Why Washington Still Doesn’t Really Debate Grand Strategy

Former colleague and flourishing restaurateur Justin Logan and I have an essay in the current edition of Strategic Studies Quarterly: Why Washington Doesn’t Debate Grand Strategy. For now, you can read it for free.

Our argument is that defense policy analysis here is mostly in the grips of what we call an operational mindset, which accepts the existing policy goals and evaluates the means of achieving them—building a better mousetrap rather than asking whether a mousetrap is worth building. In the essay, we describe both the demand for and supply of analysis about grand strategy, which means a theory about how states create security for themselves.

We argue that there’s little demand for such analysis in Washington because of a near consensus in the foreign policy establishment in favor of the grand strategy of primacy, which is sometimes called “liberal hegemony” or even “deep engagement.” We discuss the limits and cause of that consensus. It comes, we argue, mostly from the historical growth of U.S. wealth and military power. We reject two alternatives sources, democratic preferences and inherent intellectual superiority, by noting that neither the public nor academics are nearly as fond of primacy as foreign policy thinkers in Washington.

Turning to supply, we explain why defense analysts, including those think tanks, respond to that demand, or really its absence, by focusing on operational questions, in contrast to academics, who devote more scrutiny to strategic questions. We describe the various incentives that encourage analysts to serve power. But unlike some who see the problem similarly, we deny that the solution lies in protecting defense analysis from political interests:

A standard reaction to this notion that politics often wants science to serve rather than guide it is to propose emancipation, schemes to liberate analysis from political influence. That means keeping campuses and think tanks free of political ambition and government funds or somehow protecting “the policy process” from “self-interested individuals and groups.” But it is neither possible nor desirable to purge policy debates of self-interest. Washington’s marketplace of policy ideas is flawed—but democratic. Were it possible to purge it of self-interest, the market would be barren and silent but for the few failing merchants proudly disdainful of customers that never arrive. Think tanks totally divorced from political interests would wither or die, leaving their job to entities that respond to political demand. The solution to bad policy is better politics, meaning more productive conflict that demands new ideas, not quixotic attempts to empower Platonic guardians by quieting interested parties.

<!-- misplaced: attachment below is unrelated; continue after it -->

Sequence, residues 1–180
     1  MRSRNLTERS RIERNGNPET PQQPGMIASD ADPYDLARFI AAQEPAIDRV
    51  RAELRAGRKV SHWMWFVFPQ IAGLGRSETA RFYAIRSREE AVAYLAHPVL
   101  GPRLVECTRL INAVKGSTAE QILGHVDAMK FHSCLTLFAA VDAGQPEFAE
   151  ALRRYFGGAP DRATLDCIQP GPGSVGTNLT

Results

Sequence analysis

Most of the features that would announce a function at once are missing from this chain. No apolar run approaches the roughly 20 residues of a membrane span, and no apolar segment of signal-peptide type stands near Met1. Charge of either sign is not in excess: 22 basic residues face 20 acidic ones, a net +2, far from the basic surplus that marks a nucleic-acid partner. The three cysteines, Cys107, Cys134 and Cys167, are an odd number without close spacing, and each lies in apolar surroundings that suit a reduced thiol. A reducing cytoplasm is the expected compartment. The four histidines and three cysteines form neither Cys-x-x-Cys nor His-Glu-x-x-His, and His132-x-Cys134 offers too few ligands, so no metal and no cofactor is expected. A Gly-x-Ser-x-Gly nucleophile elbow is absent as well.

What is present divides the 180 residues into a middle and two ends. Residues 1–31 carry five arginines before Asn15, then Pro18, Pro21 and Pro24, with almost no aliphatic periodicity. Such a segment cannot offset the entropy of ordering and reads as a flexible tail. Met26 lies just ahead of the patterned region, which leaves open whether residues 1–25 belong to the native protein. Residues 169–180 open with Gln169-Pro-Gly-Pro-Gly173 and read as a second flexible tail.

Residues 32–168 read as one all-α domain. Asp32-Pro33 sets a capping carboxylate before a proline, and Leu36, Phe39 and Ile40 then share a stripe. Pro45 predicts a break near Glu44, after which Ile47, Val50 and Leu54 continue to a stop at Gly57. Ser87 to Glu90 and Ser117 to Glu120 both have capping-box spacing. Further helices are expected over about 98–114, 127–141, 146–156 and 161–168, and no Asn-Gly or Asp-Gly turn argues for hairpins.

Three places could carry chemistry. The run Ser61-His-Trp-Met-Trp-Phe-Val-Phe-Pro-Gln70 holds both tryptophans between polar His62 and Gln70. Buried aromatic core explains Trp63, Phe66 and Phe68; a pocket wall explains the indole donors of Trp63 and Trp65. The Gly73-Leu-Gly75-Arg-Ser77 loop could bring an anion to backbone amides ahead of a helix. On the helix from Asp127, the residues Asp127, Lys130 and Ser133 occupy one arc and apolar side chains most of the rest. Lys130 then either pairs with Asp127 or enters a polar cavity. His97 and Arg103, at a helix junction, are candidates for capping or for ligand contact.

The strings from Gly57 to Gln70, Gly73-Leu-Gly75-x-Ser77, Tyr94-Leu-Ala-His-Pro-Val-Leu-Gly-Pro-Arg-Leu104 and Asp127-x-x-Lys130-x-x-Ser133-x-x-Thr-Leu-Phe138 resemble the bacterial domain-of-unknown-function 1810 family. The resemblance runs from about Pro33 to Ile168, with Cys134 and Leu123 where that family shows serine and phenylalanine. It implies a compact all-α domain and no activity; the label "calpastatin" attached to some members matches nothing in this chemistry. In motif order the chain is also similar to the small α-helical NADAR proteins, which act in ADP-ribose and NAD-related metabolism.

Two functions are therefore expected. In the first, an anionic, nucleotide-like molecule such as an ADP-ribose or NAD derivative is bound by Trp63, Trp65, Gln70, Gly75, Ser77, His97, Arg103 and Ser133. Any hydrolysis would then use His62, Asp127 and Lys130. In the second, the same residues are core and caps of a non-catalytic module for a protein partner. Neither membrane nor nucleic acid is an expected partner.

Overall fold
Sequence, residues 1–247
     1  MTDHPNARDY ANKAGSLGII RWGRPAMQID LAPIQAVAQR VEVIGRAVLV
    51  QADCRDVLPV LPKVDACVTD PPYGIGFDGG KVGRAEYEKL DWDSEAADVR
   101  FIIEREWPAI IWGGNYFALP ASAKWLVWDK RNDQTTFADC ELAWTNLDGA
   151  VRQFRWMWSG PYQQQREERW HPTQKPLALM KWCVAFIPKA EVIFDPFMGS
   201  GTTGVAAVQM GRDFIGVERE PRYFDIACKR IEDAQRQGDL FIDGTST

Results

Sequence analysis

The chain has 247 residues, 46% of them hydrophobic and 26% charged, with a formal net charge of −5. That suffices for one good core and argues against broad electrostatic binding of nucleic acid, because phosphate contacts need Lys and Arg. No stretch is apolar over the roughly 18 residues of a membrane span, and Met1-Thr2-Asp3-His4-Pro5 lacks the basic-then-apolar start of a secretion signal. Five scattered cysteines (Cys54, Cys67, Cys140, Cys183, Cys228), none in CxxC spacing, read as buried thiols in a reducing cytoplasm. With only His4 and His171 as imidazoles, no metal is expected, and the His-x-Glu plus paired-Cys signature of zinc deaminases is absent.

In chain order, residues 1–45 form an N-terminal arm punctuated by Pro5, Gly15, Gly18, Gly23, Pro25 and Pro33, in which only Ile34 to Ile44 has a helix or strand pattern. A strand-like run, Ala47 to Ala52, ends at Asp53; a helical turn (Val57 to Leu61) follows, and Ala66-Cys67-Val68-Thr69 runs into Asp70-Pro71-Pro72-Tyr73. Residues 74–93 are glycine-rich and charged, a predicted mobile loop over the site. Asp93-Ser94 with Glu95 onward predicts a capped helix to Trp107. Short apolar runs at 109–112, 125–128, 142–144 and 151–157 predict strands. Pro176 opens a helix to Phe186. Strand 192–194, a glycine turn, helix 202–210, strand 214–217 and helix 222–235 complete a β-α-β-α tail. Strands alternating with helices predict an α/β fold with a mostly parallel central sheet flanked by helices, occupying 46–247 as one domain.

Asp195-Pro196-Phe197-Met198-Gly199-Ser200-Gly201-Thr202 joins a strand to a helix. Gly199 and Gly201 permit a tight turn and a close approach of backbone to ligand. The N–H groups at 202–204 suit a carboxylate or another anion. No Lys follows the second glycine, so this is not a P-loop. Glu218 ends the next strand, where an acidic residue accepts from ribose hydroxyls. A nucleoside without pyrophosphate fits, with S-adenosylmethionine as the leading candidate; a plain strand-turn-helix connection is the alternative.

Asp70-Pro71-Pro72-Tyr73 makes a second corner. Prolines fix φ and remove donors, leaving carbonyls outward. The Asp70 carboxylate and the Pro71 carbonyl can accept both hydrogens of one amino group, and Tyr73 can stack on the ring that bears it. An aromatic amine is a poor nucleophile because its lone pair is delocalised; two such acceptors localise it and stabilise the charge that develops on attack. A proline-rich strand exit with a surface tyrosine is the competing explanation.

But what about Trump, you might be asking? Doesn’t he defy the foreign policy establishment in his disdain for allies, musings about nuclear proliferation, and affection or Russia, and thus generate demand for the debate we say is lacking? I plan to thoroughly answer that question in a coming essay. For now, I have two brief responses.

First, as I discussed recently in War on the Rocks, Trump will likely deviate less from establishment thinking than many expect. In fact, his appointments suggest he’ll govern like a hawkish Republican, with some tics. Time will tell, of course.

Second, the essay considers the possibility of a president that bucks the primacy consensus, though not as much as it should have, in retrospect. That’s one function of the wimpy modifiers throughout that dilute the strength of its claims. I even wanted to drop a “really” or “much” in front of “debate” in the title, as I’ve done here, but got overruled. More importantly, we note there that public opinion allows for the election of leaders that buck the consensus, and we observe its strength in the bipartisan attacks on Trump for his foreign policy heresies during the campaign. The incoming administration offers a strong test of the operational mindset, at least.